Neurology

This wasn’t on the calendar

For Stéphane, a golden thread woven into his pajamas serves as a permanent reminder of one fateful night. 

5 min
Andrea Lutz
Published on 10. Mai 2021

Stéphane had his pajama shirt repaired using a golden thread. A dramatic event in his life had a happy ending, and he wanted this golden thread to remind him of it. The thread mirrors the Kintsugi style of pottery repair.  Kintsugi is a traditional Japanese technique used for repairing broken pottery. Gold-dusted lacquer is used to rejoin the shards and thus emphasizes the cracks and adds beauty to the piece’s imperfections. 

Stéphane always in working mode

“Not everybody gets a second chance in life,” says Stéphane. The telecommunications engineer has always been driven by – as he puts it – “very high expectations” of himself. 

Portrait of Stéphane

One morning, Stéphane collapsed. His wife immediately dialed the emergency number. Because everything had to happen very fast, his pajamas were cut open for the examinations. That marked a sort of “cutting off” of Stéphane’s old lifestyle. Later, when he awoke in the University Hospital in Basel, Switzerland, the ambitious engineer once again felt that familiar restlessness. “I have to be ready for a meeting in two days,” he thought while a team of doctors fought to keep him alive.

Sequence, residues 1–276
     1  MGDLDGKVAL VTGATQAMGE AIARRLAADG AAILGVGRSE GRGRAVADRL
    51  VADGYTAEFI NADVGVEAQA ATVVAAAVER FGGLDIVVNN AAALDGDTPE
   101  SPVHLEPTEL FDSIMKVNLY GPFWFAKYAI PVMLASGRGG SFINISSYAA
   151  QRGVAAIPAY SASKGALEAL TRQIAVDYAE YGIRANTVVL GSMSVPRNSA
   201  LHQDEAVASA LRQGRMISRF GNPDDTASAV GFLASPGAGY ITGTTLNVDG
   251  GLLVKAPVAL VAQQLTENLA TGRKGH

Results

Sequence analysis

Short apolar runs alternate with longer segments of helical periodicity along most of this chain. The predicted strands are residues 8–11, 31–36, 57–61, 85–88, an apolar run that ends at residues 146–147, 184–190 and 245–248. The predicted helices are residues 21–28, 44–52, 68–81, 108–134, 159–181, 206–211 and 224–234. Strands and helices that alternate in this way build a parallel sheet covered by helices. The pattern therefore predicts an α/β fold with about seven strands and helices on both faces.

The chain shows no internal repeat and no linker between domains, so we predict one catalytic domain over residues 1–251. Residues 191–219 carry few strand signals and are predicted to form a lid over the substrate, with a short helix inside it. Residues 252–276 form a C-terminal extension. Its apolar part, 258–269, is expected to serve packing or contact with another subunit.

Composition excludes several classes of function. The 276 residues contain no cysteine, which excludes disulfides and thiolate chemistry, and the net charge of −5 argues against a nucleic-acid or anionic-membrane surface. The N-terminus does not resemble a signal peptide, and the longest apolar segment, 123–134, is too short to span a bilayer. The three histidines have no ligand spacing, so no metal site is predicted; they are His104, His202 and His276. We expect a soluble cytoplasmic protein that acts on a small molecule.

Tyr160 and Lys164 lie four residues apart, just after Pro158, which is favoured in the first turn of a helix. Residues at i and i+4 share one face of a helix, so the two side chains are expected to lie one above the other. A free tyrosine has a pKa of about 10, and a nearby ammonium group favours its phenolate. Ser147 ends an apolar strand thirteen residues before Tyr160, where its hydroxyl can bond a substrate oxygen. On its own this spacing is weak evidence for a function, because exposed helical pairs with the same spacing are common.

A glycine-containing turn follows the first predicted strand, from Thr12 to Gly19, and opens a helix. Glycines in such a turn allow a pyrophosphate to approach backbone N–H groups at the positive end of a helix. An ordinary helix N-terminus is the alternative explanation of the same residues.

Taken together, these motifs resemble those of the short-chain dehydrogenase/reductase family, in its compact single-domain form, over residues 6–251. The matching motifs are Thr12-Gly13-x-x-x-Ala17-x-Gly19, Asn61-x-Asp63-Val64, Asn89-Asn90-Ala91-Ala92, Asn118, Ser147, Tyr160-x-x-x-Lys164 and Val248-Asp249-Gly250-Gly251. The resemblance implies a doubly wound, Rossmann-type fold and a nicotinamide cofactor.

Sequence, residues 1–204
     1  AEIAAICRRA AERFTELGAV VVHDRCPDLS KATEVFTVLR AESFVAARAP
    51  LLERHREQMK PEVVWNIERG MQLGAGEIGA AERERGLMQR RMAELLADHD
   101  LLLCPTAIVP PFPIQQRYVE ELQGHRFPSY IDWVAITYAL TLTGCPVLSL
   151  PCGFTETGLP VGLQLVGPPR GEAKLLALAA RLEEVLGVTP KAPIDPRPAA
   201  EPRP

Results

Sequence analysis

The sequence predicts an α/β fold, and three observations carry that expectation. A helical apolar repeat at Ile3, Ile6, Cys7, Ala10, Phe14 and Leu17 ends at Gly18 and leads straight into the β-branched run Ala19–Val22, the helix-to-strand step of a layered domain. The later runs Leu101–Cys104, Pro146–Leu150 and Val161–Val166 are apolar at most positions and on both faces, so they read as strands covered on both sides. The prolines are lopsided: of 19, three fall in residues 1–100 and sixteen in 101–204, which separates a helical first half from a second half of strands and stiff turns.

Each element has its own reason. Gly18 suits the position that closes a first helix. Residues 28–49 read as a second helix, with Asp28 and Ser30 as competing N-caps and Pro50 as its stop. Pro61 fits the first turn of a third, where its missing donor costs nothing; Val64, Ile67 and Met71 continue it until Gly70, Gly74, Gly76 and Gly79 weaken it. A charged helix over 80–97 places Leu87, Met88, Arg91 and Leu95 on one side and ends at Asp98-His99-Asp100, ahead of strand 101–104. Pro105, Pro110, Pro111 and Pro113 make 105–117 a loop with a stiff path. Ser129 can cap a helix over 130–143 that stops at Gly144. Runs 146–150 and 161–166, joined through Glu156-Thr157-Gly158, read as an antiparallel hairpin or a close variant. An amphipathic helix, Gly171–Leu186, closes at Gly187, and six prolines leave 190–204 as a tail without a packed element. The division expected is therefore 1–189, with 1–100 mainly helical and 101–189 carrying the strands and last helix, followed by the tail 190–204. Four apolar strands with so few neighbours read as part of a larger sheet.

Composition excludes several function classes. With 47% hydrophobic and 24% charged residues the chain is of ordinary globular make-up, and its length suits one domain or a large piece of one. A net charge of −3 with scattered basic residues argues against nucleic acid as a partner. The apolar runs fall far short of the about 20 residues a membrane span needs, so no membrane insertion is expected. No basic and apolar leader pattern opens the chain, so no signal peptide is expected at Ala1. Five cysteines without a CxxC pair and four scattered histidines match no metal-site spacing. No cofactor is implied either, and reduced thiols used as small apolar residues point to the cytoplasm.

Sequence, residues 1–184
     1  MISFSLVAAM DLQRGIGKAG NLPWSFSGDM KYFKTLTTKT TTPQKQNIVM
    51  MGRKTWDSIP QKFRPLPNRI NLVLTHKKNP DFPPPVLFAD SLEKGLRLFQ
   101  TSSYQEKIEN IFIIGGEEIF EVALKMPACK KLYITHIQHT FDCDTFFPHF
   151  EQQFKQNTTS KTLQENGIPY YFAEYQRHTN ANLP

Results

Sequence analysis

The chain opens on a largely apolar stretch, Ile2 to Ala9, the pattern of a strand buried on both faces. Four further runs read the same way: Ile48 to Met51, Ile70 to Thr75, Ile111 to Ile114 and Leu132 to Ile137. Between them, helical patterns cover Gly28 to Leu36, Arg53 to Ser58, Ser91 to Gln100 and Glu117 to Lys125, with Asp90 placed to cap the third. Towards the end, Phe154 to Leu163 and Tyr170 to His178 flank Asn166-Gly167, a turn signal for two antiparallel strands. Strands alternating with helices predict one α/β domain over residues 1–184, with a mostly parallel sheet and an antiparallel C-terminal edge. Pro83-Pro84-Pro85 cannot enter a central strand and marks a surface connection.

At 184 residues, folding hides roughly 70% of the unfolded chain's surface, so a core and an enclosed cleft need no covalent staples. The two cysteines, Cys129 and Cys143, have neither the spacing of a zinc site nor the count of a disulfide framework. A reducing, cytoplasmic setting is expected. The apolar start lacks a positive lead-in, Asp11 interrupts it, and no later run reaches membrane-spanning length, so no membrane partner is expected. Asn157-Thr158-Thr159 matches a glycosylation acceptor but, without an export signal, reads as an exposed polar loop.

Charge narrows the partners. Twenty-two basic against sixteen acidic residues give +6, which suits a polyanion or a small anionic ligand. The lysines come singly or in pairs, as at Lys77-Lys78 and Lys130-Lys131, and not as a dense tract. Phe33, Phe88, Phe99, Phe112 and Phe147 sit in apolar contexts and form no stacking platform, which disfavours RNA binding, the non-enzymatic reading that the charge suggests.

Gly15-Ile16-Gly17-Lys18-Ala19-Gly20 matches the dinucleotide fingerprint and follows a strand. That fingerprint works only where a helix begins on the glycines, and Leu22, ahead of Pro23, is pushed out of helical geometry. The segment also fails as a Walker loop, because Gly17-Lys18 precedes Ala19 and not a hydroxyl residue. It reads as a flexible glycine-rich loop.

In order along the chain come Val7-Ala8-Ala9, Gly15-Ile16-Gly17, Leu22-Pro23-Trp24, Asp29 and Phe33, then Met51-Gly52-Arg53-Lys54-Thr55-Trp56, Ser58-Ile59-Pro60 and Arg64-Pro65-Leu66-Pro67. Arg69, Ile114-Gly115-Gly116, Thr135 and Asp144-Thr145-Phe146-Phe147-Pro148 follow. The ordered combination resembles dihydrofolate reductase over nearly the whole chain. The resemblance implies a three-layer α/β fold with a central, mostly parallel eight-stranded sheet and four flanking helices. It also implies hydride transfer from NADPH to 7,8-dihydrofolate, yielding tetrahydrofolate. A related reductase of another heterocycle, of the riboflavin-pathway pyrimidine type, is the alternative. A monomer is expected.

Stéphane likes to swim

Now, when Stéphane goes swimming, he does it unhurriedly. “You don’t have to swim fast to have fun swimming,” he says. These days, nearly every sentence he utters sounds like a mantra. But Stéphane didn’t have this realization until he was rehabbing from a stroke.

Marios Psychogios, MD

Marios Psychogios, MD, Head of Neuroradiology at the University Hospital Basel, Switzerland

"I was called because there was a young patient with a stroke and severe symptoms,” recalls Marios Psychogios, MD, who heads the department of neuroradiology at the University Hospital Basel. His patient couldn’t speak, and the right side of his body was limp. So Psychogios acted quickly – very quickly – because his mantra when it comes to possible stroke is: Time is brain.

Stéphane recovers best in the alps of switzerland

“I’m a competitive guy,” says Stéphane. And that attitude helped him recover after the thrombectomy, the procedure in which the blood clot in his bran was removed. “If I put my mind to something, I give it my all to accomplish it,” he says. And today, he has put his mind to celebrating every day of his life. 

Gian Marco De Marchis, MD, Deputy Director Stroke Unit

Gian Marco De Marchis, MD, Deputy Director Stroke Unit, also achieved his goal. Not every patient is able to return to life with no long-term damage:




By Andrea Lutz
Andrea Lutz is a journalist and business trainer specialized on medical topics, technology, and healthcare IT. She lives in Nuremberg, Germany.